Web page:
* primary historical texts such as the Federalist Papers and the memoirs of U.S. Grant, which disappeared from public libraries as the original copies wore out, but have not been replaced

* books about, at a minimum, each of the religious traditions represented in a community, including the works of the founders of the denominations even if--like Luther and Calvin--the founders have become a bit of an embarrassment to the churchgoers

* books that explain how to do things, not only cookbooks and kindergarten-level craft books, but books that explain how to repair cars and build houses

* books that are provoking, revolutionary, reactionary, extremist, impractical, even insane, because in order to understand why Marxism and Nazism failed we need access to Das Kapital and Mein Kampf

* lots and lots of silly but not bad children's books, in a separate section or corner of the library where children can curl up by the window and read quietly when they need to decompress after school, and wait for parents to take them home

* songbooks and sheet music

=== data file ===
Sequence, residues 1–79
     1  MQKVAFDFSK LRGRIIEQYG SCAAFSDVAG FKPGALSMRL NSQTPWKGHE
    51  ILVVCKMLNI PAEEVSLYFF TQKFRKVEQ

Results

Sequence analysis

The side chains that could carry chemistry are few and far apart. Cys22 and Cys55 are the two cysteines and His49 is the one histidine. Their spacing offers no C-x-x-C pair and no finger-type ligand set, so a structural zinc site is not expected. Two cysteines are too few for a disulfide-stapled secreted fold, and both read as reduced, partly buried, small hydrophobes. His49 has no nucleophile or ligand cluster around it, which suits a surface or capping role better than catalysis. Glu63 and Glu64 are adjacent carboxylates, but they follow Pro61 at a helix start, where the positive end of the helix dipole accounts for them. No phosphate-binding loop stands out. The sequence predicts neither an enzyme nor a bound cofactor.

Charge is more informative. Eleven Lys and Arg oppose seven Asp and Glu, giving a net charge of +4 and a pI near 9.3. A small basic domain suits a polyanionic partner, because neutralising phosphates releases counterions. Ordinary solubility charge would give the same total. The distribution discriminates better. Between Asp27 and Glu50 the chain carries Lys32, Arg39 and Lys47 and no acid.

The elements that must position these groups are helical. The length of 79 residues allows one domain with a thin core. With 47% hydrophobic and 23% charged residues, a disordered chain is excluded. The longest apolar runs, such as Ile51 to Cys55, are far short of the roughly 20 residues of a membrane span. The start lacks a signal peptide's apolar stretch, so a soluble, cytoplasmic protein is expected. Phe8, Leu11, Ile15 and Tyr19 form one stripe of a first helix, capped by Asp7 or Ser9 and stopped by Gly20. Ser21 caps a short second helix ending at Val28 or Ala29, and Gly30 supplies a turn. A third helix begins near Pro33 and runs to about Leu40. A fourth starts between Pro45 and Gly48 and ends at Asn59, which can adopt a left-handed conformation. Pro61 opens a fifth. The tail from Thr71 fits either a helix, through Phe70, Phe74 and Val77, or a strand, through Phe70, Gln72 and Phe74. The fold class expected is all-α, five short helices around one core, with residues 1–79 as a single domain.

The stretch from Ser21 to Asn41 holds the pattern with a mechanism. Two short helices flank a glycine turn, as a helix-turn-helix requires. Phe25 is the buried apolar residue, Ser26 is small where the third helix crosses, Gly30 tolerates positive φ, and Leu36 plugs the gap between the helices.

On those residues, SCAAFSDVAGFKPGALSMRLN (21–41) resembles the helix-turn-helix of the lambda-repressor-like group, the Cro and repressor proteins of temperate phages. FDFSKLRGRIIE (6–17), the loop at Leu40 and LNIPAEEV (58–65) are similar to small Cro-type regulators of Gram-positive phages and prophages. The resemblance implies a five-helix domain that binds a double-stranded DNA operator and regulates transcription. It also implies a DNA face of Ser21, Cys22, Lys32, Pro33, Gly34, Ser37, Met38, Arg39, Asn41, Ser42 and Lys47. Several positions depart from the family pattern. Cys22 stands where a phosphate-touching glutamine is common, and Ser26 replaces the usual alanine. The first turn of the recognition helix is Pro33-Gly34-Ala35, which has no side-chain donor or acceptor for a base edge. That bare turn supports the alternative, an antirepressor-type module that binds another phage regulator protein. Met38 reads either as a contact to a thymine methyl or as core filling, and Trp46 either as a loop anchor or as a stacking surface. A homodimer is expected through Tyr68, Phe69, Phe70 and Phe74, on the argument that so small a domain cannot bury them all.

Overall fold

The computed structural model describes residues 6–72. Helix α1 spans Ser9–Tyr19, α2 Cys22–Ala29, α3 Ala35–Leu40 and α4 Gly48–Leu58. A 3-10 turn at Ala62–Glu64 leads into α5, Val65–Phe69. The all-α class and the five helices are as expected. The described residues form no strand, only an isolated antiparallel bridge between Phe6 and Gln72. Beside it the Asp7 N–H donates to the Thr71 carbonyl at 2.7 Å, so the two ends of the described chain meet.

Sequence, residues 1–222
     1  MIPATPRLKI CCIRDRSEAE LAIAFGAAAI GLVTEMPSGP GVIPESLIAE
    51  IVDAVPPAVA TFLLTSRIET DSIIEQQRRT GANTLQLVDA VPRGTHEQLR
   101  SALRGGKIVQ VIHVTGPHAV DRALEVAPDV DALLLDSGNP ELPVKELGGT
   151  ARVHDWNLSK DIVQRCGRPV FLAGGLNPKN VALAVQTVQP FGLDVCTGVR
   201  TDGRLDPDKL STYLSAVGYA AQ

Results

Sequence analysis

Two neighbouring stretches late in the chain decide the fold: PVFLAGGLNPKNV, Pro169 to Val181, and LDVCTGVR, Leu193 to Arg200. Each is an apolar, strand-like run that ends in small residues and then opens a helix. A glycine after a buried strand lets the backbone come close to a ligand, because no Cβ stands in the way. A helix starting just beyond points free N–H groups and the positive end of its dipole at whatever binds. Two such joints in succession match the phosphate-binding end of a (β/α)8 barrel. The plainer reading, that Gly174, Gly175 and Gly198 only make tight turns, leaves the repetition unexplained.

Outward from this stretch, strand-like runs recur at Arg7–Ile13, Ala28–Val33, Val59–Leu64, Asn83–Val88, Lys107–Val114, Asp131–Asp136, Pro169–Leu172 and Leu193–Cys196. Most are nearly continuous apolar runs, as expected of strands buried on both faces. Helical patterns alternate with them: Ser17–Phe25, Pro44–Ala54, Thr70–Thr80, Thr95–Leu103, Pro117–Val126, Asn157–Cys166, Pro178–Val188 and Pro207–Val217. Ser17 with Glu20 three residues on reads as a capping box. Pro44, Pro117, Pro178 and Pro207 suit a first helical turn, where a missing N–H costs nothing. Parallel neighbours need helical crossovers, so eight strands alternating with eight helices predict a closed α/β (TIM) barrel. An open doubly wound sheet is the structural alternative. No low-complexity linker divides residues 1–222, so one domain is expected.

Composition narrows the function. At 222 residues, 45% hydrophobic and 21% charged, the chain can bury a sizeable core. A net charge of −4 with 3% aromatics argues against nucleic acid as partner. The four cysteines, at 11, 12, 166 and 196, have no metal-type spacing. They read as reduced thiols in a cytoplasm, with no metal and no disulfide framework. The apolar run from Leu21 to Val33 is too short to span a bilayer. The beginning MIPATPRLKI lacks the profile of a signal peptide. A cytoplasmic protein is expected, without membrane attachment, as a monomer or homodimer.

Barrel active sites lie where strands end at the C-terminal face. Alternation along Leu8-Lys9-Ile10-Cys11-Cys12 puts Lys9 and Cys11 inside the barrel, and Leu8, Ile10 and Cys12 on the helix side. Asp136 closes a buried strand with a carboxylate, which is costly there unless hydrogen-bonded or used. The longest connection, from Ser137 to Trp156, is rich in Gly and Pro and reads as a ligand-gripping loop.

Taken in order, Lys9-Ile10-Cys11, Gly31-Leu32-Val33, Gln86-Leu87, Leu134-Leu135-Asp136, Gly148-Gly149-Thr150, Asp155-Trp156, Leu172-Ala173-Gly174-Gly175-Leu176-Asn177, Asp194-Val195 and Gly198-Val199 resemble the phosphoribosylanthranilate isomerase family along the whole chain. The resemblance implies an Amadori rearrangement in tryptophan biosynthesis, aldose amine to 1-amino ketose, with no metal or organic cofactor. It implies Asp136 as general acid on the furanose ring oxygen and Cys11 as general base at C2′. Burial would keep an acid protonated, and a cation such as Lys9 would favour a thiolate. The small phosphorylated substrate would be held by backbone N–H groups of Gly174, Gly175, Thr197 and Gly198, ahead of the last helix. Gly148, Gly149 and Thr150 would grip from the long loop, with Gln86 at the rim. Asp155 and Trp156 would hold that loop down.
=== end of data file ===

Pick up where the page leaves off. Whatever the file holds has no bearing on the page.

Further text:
* and not a lot of new fiction for adults

Using public libraries is a way of supporting them, and book lovers should be rewarding libraries for having diverse collections of real books chosen by members of the community. Instead, libraries have been pressured, for years, to get rid of books in the categories listed above, spend tax money to buy bestsellers and discard them when "everyone" in the current generation has read them, and downsize their book collections overall to replace books with faddy electronic "items," for some of which the reading equipment is already obsolete. But that's fine with too many librarians, because "Today's libraries aren't just full of old paper--they're community centers!" "Community centers" were part of the Johnson Administration's "Great Society" fantasy; they used to be funded in their own right, and in their own right they fell apart because they served no real purpose. Book lovers should not be encouraging libraries to try to replace something that was not actually useful. We should be demanding that libraries be places where people read books. Activities that are incompatible with reading, like "children's programs" where children listen to music, eat and drink, and run about, are all very well but they don't belong in the library